Man, I don’t think you can casually want to be a SEAL or fill in the blank, you know, whatever your goal happens to be. So I don’t think you can do that. So for me it was an obsession. It was literally an obsession to a clinically unhealthy point. I mean, it’s all I thought about, all I read about, all I trained for and somewhat of an identity and probably not making it through training would have bestowed upon me a level of shame that I didn’t want to have. And so on top of that, on top of being my life dream, everybody knew that I was there. You know, there’s a peer pressure there, but of course the people who quit had peer pressure also, but for some reason they tapped out. But I also had every now and then in the back of my mind, my grandfather, who was just the coolest dude to ever walk the face of the Earth, he was a Navy vet, World War II, very rarely talked about it, but his ship in World War II got kamikazed, it went down.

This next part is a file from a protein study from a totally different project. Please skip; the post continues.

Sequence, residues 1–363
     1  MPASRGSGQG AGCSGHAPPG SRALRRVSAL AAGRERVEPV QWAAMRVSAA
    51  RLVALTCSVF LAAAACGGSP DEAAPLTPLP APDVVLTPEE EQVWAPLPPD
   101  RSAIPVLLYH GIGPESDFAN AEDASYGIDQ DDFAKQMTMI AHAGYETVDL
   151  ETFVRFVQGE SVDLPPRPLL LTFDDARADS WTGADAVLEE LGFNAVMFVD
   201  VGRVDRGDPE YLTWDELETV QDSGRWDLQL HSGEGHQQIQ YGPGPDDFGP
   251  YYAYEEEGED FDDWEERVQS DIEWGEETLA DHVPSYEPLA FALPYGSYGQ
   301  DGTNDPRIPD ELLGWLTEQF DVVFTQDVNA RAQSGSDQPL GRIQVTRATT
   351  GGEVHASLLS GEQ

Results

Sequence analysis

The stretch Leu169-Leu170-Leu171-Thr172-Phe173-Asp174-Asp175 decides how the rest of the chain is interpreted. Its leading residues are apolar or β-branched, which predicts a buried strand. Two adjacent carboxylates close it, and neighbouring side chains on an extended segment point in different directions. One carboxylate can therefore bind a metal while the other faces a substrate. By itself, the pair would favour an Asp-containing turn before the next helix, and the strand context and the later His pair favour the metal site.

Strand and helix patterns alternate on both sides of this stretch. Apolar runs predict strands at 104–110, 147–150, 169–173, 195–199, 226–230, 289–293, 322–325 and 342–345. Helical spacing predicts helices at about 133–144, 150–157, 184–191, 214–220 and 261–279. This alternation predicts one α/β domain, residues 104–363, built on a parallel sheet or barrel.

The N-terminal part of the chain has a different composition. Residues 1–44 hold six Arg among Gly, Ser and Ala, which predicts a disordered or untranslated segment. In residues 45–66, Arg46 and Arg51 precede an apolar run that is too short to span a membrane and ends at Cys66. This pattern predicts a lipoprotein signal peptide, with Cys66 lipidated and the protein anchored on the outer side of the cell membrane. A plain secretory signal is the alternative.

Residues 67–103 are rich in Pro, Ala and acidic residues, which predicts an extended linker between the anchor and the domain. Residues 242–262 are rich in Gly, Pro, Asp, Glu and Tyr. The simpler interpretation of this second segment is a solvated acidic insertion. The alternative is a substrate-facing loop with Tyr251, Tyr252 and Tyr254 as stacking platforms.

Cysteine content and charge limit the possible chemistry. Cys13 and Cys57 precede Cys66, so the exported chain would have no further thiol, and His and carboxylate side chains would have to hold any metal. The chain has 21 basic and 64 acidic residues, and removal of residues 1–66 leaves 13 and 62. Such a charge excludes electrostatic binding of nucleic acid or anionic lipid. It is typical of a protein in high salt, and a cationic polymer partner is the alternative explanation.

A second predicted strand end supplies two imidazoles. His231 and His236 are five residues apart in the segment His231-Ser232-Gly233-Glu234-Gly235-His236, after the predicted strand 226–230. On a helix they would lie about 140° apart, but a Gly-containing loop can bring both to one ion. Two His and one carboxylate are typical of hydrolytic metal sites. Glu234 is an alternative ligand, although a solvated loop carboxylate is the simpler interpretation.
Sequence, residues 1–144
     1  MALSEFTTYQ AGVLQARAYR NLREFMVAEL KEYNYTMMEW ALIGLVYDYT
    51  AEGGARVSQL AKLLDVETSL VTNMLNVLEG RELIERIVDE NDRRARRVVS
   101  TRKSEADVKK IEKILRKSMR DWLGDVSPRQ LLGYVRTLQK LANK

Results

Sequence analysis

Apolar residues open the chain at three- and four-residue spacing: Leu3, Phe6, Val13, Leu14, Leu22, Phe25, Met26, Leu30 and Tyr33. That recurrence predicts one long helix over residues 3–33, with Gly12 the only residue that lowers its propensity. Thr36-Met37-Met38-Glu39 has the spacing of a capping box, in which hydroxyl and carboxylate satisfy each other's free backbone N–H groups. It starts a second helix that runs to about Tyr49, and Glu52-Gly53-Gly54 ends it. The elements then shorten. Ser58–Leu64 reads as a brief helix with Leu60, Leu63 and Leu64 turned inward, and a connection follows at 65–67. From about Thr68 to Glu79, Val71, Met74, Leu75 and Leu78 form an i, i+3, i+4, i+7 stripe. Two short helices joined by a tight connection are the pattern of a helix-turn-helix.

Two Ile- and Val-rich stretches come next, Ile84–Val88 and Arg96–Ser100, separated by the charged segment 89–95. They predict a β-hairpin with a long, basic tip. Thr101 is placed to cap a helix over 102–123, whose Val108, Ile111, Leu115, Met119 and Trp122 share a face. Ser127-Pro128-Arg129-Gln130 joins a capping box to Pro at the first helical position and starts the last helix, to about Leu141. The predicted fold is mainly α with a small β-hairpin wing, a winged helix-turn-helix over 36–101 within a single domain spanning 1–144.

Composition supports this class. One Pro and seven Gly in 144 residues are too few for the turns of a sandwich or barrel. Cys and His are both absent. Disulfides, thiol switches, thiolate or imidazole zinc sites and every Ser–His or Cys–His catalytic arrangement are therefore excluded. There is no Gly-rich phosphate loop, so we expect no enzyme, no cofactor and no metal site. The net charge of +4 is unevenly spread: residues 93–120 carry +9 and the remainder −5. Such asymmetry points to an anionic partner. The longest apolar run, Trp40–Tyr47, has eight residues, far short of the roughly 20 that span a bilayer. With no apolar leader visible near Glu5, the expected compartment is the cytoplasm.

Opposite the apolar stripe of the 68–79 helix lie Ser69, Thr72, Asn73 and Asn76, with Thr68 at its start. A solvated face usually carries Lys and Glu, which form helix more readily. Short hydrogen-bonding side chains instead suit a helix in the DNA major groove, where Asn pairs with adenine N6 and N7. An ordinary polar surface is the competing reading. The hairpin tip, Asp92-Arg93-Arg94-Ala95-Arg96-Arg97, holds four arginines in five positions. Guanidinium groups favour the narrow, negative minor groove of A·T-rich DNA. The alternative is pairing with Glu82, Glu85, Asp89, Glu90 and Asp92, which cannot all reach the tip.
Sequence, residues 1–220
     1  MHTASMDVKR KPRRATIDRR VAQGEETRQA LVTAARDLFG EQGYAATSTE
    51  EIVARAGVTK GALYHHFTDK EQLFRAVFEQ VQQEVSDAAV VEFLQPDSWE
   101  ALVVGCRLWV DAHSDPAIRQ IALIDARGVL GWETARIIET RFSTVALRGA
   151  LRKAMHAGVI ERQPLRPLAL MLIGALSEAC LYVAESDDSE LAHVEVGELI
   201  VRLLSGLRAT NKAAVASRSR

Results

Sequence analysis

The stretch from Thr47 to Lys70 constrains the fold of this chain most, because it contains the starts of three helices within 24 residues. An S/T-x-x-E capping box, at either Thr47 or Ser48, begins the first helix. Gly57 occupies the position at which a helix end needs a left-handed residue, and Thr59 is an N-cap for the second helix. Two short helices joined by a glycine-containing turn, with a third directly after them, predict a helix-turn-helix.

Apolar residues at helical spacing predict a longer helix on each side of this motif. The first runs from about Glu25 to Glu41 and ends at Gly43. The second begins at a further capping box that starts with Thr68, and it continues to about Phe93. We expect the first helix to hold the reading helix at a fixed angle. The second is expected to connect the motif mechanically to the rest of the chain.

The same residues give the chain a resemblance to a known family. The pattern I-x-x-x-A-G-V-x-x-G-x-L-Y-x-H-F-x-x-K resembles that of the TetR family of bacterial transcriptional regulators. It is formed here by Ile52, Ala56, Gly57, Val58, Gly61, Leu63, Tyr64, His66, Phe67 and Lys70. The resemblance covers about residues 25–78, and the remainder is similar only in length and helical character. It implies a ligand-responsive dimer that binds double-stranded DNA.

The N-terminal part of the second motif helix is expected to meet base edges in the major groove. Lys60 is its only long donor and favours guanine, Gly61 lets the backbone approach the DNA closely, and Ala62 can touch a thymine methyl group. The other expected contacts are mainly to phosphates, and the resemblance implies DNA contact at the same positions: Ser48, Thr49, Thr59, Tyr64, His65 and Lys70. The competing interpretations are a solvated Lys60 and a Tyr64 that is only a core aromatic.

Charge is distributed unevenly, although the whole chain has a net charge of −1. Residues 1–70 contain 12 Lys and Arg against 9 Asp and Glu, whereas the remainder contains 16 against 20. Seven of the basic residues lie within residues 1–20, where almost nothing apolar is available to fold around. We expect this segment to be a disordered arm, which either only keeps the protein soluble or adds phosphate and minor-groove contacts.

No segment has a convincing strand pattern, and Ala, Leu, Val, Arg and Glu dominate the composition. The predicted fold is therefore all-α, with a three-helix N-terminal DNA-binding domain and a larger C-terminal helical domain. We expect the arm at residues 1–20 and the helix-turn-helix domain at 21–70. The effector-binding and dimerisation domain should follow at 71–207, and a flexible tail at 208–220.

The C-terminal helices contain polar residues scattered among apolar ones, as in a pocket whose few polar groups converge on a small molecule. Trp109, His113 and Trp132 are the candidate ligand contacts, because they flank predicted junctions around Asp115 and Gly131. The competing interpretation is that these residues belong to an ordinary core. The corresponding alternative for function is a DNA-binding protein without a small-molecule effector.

They had to abandon ship, the whole nine yards. I mean, like literal, terrible war. And I couldn’t imagine ringing out, seeing my grandfather, who would never hold it against me, ever, you know, would love me the same no matter what. And telling this guy who survived something like that and I’m saying, Hey, you know what? You know, it was just too tough, Gramp, you know, it was really cold and I was tired. And so I decided it was more than I could handle. You know, my life’s not genuinely in danger. No one’s actually shooting at me and I decided to quit. So that was always in the back of my head. And then there was one other thing, you know, it’s kind of like coaching a movement. Like you might give somebody, there might be 10 different cues that you could give, but one hits home with that person and the other nine just fall on deaf ears.